FOUR PAWS, together with other NGOs, has issued a joint statement expressing support for progressive provisions in the revision of the Industrial Emissions Directive (IED) to ensure it adequately covers the most polluting livestock farming activities.
The Directive currently covers the most polluting industries in the EU, including largescale, intensive pig and poultry farms, but does not require intensive cattle farms to adopt necessary measures to reduce emissions and environmental pollutants. The revised proposal from the European Commission, however, aims to include cattle farms under the permitting scheme and to extend the number of intensive poultry and pig farms under its measures. This step is necessary to achieve the EU’s climate and environmental goals and make sure that the livestock sector contributes to the green transition in line with other sectors.
The proposed threshold of applying the legislation to farms with 150 Livestock Units (LSU) and the inclusion of intensive cattle rearing would target the biggest polluters (60% of ammonia and 43% of methane emissions from EU livestock). Contrary to statements made by some Ministers and MEPs at the recent AGRIFISH and AGRI Committee meetings in September, these new provisions would not actually affect the vast majority of farms; only 7.5% out of the EU’s 2.5 million livestock farms would be included.
Sophie Aylmer, Head of Farm Animals and Nutrition Policy, stated: “We need to help farmers transition from harmful agricultural practices towards agroecological farming systems. This revision should not be a free pass for the most polluting livestock farmers to avoid once again their responsibilities. By targeting only 7.5% of the biggest polluters, the Industrial Emissions Directive has the potential to address 43% of EU livestock methane and 60% of ammonia. That is why we are urging Environment Ministers and MEPs sitting on ENVI to uphold these provisions and make sure the agro-industry starts addressing its impact on human health and the planet.”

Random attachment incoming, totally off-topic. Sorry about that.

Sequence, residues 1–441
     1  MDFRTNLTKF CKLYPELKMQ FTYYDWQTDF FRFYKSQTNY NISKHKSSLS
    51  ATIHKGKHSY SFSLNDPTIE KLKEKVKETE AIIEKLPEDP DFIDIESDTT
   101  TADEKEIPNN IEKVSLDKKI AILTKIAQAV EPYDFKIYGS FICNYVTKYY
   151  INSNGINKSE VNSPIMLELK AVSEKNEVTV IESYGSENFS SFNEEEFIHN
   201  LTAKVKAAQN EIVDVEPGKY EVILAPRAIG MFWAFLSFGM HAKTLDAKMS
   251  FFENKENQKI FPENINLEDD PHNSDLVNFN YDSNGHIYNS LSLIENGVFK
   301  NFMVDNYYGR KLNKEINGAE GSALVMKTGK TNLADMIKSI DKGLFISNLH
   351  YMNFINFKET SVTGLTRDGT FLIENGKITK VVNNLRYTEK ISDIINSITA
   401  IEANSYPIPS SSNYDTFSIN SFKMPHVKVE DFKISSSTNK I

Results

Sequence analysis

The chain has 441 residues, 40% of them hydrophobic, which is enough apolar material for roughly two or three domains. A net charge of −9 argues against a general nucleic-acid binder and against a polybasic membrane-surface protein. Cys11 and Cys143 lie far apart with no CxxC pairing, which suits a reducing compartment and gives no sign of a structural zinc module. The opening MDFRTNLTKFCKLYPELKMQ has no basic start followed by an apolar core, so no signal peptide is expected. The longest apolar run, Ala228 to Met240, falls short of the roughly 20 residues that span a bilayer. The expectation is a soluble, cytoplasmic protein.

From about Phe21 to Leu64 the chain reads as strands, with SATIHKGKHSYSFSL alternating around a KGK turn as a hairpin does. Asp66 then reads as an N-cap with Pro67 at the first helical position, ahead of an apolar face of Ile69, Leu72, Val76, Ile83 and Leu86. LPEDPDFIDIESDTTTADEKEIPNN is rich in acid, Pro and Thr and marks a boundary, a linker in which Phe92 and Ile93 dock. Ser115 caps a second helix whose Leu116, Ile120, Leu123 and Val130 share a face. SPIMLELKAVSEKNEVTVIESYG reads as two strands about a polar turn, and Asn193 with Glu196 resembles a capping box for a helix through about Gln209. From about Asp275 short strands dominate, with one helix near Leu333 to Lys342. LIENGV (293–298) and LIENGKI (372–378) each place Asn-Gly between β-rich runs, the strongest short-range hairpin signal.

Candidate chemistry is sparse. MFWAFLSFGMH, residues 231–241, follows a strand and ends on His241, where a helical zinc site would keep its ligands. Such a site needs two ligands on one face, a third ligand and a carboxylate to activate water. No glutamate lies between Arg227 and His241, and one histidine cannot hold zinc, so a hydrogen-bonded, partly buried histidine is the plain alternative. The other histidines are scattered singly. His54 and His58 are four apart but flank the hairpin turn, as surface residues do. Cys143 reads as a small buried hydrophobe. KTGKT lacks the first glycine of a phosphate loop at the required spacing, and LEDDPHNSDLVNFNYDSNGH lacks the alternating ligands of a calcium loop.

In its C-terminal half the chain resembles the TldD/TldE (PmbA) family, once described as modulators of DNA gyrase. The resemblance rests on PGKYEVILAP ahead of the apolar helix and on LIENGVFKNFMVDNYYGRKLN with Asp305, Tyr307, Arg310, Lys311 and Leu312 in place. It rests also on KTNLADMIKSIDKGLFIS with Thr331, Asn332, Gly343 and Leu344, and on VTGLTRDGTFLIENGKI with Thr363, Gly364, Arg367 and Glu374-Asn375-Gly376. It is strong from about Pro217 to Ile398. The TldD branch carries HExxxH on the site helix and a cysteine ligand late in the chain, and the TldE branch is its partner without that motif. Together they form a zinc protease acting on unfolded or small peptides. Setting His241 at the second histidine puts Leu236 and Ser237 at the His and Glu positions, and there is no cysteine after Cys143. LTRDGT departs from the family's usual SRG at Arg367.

Without addressing emissions and pollutants from the livestock sector, the EU will not be able to meet its commitments made under the Global Methane Pledge, the European Green Deal nor its Zero Pollution Goals. To ensure the positive environmental effects of the extended scope of the IED, it is fundamental it maintains a robust permitting system with strict pollution prevention measures and animal welfare safeguards. Hence, the new light permitting system and the registration system are serious concerns that could represent a regression in environmental protection.